Ive asked audiences from around the world whats the number one thing they hate about work, and the answer is ofen their email. Tis makes a lot of sense, and its probably why Im so ofen quoted for a quip I make onstage: Te in-box is nothing but a convenient organizing system for other peoples agendas. Email is just one piece of a larger problem: Instead of going into theory or background, let me simply lay out how you should tactically work through your day.
Tis approach, which weve taught at High Performance Academy for years, is one of the most popular time-management strategies Ive ever taught. I call it the 1-Page Productivity Sheet, and it illustrates an entirely new way to go through your workday. You can download this resource at www. Whenever you start your workdayand, ideally, before then you have walked or exercised, said your prayers or meditated, and eaten a healthy breakfastI recommend you immediately go into strategy mode.
Do not open your in-box when you frst get to work; if you start with your in-box, you immediately relinquish controland your days agendato others. In strategy mode, your job is to think big picture about what you are trying to achieve and the main projects you are working on.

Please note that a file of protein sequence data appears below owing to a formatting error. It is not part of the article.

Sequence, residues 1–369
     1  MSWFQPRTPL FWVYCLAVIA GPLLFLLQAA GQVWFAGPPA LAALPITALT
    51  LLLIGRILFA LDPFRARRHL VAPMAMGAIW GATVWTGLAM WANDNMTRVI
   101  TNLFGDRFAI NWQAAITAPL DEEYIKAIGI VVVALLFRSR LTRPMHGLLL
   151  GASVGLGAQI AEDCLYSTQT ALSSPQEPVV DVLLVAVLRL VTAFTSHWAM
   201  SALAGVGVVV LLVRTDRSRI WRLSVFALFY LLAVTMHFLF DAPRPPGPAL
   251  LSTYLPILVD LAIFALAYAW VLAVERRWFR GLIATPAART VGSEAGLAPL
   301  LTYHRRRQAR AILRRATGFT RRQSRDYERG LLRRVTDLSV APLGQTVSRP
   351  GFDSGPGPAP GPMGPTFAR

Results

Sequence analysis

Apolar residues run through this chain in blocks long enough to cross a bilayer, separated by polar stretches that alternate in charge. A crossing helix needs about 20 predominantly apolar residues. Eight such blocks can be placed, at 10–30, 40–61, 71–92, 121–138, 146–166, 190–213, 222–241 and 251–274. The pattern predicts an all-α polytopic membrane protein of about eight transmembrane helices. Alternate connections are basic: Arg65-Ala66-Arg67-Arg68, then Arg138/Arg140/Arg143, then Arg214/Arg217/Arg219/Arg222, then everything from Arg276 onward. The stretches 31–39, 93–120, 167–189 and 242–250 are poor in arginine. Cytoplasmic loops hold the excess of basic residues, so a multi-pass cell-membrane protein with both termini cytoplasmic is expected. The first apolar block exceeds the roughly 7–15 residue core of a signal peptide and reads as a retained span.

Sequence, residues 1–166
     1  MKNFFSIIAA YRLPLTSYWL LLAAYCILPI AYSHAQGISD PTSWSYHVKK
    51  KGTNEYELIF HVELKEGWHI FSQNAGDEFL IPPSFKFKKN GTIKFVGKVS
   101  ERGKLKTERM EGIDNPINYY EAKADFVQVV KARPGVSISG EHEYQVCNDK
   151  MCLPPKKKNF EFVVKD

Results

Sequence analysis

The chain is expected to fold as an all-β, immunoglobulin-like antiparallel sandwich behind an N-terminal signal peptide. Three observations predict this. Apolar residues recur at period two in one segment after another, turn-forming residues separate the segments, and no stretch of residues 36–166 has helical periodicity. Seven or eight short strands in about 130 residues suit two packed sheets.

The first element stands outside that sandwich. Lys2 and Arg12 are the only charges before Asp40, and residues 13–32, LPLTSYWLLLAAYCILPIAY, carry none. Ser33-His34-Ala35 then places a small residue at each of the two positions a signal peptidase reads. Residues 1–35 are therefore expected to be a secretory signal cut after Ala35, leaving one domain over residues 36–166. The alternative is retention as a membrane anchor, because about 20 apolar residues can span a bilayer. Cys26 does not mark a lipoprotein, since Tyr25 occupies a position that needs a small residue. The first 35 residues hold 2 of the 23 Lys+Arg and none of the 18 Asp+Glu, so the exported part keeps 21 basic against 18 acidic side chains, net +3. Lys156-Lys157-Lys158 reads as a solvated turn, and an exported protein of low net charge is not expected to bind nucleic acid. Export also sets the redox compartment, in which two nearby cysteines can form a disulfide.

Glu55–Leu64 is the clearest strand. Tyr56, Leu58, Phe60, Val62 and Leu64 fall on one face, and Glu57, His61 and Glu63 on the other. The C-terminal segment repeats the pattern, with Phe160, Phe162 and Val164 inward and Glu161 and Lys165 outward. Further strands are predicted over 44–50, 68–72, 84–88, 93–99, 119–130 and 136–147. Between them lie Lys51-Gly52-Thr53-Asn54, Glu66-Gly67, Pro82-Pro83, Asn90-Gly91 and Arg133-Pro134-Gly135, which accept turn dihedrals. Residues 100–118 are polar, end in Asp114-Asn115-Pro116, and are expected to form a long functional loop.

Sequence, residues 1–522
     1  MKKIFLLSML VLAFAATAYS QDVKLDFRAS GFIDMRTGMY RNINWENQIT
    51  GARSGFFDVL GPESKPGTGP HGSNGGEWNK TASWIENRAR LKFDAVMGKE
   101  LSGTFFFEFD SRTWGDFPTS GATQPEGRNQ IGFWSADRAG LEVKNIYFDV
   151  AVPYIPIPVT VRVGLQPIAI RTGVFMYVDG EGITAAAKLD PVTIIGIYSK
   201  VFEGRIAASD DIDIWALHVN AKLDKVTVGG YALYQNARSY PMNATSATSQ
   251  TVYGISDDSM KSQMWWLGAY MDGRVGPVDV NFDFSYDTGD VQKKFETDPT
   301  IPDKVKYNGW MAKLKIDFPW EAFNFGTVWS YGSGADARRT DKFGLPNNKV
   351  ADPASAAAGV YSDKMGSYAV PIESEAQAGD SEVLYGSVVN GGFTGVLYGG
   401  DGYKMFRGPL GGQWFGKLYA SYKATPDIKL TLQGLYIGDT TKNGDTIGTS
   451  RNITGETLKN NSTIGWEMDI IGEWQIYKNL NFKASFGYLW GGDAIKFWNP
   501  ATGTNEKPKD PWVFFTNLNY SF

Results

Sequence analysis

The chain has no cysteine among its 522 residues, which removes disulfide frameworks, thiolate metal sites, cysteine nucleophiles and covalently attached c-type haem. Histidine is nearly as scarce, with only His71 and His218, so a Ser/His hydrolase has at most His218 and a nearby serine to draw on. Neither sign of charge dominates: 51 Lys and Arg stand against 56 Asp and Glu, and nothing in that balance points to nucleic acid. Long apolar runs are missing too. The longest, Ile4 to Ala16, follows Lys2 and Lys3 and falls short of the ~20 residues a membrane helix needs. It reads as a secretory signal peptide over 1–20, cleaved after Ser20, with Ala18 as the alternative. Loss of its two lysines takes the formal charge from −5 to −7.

So the top row of the One-Page Productivity Planner gives you room to write out the big projects youre working on and encourages you to brainstorm the three-to-fve biggest moves you would need to take to bring each project to fruition.
Once youve completed this top row of the sheet and, yes, I insist that my clients actually fll out the sheet by hand at the beginning of every workday , then its time to switch into operations mode in the next two rows on the planner.
Te middle row is to help you think of the people you need to reach out to today, because either a youre waiting on a decision or information from them or b you need to share a decision or information. Te bottom row is for setting priori- ties about what you absolutely will accomplish today, no matter what. Youre going to work the day in a very specifc way, and in doing so, youll fnally master your in-boxand your ability to get things done. Afer youve flled out the planner, youll begin your day in the middle section, the people section.